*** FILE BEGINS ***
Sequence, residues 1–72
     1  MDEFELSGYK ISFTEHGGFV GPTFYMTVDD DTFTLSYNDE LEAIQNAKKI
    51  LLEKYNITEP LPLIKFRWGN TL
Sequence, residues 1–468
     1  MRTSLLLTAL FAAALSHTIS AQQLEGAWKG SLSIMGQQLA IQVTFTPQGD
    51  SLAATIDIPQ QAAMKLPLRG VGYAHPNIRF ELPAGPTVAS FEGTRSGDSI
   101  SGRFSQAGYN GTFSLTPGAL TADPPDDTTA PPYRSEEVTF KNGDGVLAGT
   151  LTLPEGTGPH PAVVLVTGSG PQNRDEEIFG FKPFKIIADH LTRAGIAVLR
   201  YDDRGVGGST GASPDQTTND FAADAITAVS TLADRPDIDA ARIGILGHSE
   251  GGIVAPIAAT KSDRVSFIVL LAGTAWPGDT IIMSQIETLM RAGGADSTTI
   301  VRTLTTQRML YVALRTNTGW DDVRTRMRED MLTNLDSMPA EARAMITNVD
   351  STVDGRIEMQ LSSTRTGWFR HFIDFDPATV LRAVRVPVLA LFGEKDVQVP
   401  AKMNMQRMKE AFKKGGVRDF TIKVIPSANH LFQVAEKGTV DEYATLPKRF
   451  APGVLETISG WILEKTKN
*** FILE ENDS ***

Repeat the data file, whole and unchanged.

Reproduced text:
Sequence, residues 1–72
     1  MDEFELSGYK ISFTEHGGFV GPTFYMTVDD DTFTLSYNDE LEAIQNAKKI
    51  LLEKYNITEP LPLIKFRWGN TL
Sequence, residues 1–468
     1  MRTSLLLTAL FAAALSHTIS AQQLEGAWKG SLSIMGQQLA IQVTFTPQGD
    51  SLAATIDIPQ QAAMKLPLRG VGYAHPNIRF ELPAGPTVAS FEGTRSGDSI
   101  SGRFSQAGYN GTFSLTPGAL TADPPDDTTA PPYRSEEVTF KNGDGVLAGT
   151  LTLPEGTGPH PAVVLVTGSG PQNRDEEIFG FKPFKIIADH LTRAGIAVLR
   201  YDDRGVGGST GASPDQTTND FAADAITAVS TLADRPDIDA ARIGILGHSE
   251  GGIVAPIAAT KSDRVSFIVL LAGTAWPGDT IIMSQIETLM RAGGADSTTI
   301  VRTLTTQRML YVALRTNTGW DDVRTRMRED MLTNLDSMPA EARAMITNVD
   351  STVDGRIEMQ LSSTRTGWFR HFIDFDPATV LRAVRVPVLA LFGEKDVQVP
   401  AKMNMQRMKE AFKKGGVRDF TIKVIPSANH LFQVAEKGTV DEYATLPKRF
   451  APGVLETISG WILEKTKN